Directors endorsed the proposal to develop a methodology that would enhance the assessment of financial standards relevant for countering money laundering and could be used for preparing reports in each FSAP on observance of all relevant principles. The recently approved expansion of the FSAP and the ongoing offshore financial center (OFC) assessments will allow an increasing number of members to benefit from the Fund's work on strengthening financial systems and countering money laundering. Directors agreed that results from such FSAP and OFC assessments could be shared with the international community, with the agreement of the member. Publication and circulation to outside agencies of the assessments would be governed by existing Fund policies.
Directors stressed that money laundering issues should continue to be addressed in Fund surveillance when they have macroeconomic effects, including effects arising from financial instability and reputational damage. A number of Directors considered that the cross-border implications of money laundering should be raised during Article IV consultations, even if it is not macroeconomic relevant for that member but when it had significant externalities for other countries. In this context, Directors agreed that more research into the magnitude and the economic consequences of financial abuse, including money laundering, should be encouraged. They also agreed that the FSAP, OFC assessments, and Reports on the Observance of Standards and Codes (ROSCs) can help guide and inform surveillance. With regard to conditionality, many Directors were of the view that the "macro-relevance" test should continue to be applied, but a few Directors were opposed to applying conditionality to anti-money laundering measures.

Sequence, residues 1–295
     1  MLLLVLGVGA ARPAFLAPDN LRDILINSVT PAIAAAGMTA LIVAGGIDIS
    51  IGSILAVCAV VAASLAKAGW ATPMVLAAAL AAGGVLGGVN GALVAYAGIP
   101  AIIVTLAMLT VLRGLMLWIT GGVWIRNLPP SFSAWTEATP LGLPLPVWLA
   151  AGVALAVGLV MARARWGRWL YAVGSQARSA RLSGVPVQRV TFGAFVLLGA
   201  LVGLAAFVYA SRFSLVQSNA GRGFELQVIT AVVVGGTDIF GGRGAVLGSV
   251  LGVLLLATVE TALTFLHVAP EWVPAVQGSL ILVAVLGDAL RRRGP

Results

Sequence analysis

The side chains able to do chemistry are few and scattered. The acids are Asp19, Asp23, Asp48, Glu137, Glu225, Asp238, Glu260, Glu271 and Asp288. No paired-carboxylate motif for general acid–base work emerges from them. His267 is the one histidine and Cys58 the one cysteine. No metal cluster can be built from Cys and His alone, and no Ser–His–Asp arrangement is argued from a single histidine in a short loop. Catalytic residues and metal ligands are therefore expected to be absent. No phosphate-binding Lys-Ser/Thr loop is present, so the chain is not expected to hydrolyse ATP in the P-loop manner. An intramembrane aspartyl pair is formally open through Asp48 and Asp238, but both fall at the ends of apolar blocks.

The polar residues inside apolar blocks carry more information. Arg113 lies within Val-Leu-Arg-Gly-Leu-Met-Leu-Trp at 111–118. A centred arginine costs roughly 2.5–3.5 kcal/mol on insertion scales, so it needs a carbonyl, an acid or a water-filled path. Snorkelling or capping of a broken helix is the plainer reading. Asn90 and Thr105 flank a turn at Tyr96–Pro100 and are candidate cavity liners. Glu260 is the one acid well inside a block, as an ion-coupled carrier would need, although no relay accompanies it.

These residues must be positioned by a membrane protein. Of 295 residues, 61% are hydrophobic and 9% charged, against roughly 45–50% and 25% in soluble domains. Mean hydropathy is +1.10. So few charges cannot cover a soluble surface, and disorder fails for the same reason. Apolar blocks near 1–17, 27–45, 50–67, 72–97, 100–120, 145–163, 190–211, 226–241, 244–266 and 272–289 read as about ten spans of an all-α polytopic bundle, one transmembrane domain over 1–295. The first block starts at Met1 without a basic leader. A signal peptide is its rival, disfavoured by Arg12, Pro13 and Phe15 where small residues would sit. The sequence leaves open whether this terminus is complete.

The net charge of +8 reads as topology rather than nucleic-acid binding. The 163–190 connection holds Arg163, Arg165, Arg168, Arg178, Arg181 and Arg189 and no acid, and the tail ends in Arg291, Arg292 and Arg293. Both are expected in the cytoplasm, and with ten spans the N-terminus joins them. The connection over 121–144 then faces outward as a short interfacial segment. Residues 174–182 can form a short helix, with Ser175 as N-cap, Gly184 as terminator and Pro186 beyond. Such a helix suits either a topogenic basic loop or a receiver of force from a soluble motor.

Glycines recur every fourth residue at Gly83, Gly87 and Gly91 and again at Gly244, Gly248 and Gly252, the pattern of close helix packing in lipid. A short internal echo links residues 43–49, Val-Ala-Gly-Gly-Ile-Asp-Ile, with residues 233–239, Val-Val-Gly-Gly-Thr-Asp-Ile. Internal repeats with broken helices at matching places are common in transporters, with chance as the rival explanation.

Directors called on all governments, especially those with responsibilities for major financial markets, to put in place the necessary measures to counter money laundering. They endorsed the staff's proposals for increased cooperation with the FATF and regional anti-money laundering task forces, including those relating to the exchange of information with these groupings.